How James Spenceley decides on what startups to invest in
Written on the 11 July 2018 by David Simmons
His Midas touch has launched Vocus Group into a listed company and transformed Airtasker from a startup to a national phenomenon, but how does James Spenceley decide on what to invest in?
Spenceley's latest investment is a $1 million injection into Integrated Green Energy Solutions (ASX: IGE) as they ramp up production of their eco-friendly fuel.
IGE has developed a world first, patented technology turning unwanted plastic waste into fully refined, road ready fuel.
The company is set to launch its first plant in Amsterdam from November this year, using unwanted plastics from the UK and Europe to create its patented fuel technology. IGE also has sites approved in China, the UK and the USA.
Spenceley, chairman of Airtasker and a two time EY Entrepreneur of the Year award winner, decided to invest in the company straight after taking his BMW to the test site on the Central Coast and successfully driving all the way back to his home in Mosman, Sydney.
Business News Australia spoke to Spenceley about the investment in IGE, his advice to young entrepreneurs, and to find out what it takes to get investment from him.
So you're putting $1 million into IGE what about them made you so confident of their potential success?
I took my car up there and filled it up with their petrol, and drove it home and it worked straight out of a silo in a storage tank. I drove around for a week on fuel that was created from plastic waste. Waste is such a problem and this is such a good use of recyclable waste. So for me it solves two problems, a company that can solve the problem of plastic waste that would be a good investment, but a company that can do something and turn it into fuel it was a no brainer as an investment.
What are some things you look for before you invest in companies?
For me it's always about demand do people actually want these products, that's always the thing. I see seven to ten businesses a week and maybe even more during peak period and a lot of them have to spend the first half an hour of the meeting explaining why someone would want to buy it or download the app and to me that's the first failure. Airtasker is one where I thought 'this is brilliant'. I knew that was going to be used. And something like IGE is the same, everyone needs fuel. I'm looking for a business where it's just a no brainer with what they do.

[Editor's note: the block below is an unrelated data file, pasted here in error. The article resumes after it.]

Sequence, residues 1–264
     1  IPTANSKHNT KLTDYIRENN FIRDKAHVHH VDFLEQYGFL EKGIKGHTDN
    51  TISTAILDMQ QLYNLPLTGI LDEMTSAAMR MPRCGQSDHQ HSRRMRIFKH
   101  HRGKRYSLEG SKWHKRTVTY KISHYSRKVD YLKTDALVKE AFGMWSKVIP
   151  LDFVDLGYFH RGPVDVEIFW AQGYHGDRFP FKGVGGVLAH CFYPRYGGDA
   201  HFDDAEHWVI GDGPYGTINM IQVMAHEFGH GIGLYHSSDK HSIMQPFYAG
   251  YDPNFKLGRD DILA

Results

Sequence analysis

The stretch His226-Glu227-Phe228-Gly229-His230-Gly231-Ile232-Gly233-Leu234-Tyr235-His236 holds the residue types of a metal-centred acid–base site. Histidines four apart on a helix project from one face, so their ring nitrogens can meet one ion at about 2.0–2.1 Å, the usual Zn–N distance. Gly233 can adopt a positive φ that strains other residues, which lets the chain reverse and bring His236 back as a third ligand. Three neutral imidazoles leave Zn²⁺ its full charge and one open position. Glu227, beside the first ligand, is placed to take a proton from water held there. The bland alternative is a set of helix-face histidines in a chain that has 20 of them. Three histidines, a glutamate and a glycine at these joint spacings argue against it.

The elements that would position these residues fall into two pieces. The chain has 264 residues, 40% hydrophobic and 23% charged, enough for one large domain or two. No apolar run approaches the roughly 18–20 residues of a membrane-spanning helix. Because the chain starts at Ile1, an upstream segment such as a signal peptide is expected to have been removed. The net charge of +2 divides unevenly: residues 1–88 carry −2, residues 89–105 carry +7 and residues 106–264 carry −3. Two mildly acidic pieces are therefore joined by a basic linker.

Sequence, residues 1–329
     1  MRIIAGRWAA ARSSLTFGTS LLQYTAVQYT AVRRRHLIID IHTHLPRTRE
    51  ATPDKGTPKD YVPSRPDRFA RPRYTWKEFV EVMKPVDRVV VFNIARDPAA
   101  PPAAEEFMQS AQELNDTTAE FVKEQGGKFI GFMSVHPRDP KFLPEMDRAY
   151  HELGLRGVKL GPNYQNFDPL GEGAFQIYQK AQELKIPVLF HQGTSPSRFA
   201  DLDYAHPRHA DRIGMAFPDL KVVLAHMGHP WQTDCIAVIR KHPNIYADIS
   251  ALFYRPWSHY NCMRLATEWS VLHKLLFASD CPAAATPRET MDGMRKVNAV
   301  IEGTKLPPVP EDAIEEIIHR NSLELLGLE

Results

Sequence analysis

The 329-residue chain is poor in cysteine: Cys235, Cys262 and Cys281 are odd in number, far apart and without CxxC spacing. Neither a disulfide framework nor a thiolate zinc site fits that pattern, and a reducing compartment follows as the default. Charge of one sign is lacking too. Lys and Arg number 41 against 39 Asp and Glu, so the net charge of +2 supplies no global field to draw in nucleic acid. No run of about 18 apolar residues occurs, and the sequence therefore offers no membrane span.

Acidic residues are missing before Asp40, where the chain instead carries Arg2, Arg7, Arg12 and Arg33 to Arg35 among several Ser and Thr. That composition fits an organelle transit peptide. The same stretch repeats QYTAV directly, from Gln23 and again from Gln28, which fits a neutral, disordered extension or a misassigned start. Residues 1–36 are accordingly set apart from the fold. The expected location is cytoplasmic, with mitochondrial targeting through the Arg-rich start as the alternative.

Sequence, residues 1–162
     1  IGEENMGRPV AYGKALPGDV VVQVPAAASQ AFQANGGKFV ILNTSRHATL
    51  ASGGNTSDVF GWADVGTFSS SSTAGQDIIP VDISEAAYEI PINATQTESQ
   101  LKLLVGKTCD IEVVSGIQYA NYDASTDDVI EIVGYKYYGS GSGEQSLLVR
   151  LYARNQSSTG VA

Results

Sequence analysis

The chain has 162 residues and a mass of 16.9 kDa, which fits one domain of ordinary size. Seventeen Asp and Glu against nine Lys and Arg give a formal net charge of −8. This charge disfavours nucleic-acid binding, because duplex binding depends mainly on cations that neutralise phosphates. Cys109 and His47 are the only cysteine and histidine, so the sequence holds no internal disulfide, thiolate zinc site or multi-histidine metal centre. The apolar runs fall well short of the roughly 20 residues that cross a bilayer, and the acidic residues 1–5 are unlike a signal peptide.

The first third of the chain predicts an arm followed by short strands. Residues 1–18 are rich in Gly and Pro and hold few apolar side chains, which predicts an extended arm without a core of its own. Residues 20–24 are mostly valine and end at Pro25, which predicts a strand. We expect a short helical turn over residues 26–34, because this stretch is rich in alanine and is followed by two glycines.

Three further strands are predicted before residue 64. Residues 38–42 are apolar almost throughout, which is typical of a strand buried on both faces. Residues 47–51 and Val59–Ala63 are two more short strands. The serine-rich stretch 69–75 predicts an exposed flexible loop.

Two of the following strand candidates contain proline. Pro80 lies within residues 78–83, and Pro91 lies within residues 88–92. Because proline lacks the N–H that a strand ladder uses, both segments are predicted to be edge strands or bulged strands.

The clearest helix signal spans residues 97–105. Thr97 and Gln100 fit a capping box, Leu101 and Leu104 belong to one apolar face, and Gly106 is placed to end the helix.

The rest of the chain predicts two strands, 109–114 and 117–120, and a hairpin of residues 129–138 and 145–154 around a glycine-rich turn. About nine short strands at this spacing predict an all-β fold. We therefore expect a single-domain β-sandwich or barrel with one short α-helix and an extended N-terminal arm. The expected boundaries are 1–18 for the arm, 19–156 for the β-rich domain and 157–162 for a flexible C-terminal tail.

The green revolution is well and truly upon us now, what excites you about these new technologies that are emerging?
Most plastic that we throw into the recycling bin isn't recyclable and that presents an enormous issue. To think that the world is taking its plastic in a shipping container to China and burying it in China makes no sense at all. There's a fundamental problem with the way the world works at the moment. I think there's probably going to be a big movement as the millennials set their eyes on it and they're going to do things that make more sense.
What else are you currently working on?
Generally at the VC stage I really like to see things in the millennial sector. In the next ten years those people are going to be in their 20s and have disposable income and there's going to be a big change in the world. I'm in the early stages of Marley Spoon, and that business suits that market. Millennials don't want to go and buy lots and lots of ingredients at the shop and throw half of it out if they haven't used it. They want it in a box delivered to their door with the exact portion they need, no waste, and good quality, delicious, all that sort of stuff. I think generally what I'm interested in is what's coming in the next ten years, once the baby boomers have moved into retirement and have stopped spending as much and the big income generators are the millennials. That's a really interesting topic. I'm not a millennial but I try to think like one.
You've clearly had a very successful career so far so what would be your top tip to young entrepreneurs?
Do it while your young. I have kids now, if I had the exact same opportunities now when I'm 42 versus when I was 28 I don't know whether I'd take the risks now with kids in mind. Take risks early, that's the first tip. The second tip, do something you know really well. Go and get a job in the industry, understand it, work out why it doesn't work well, and then go and do it better.
Business News Australia
Author: David Simmons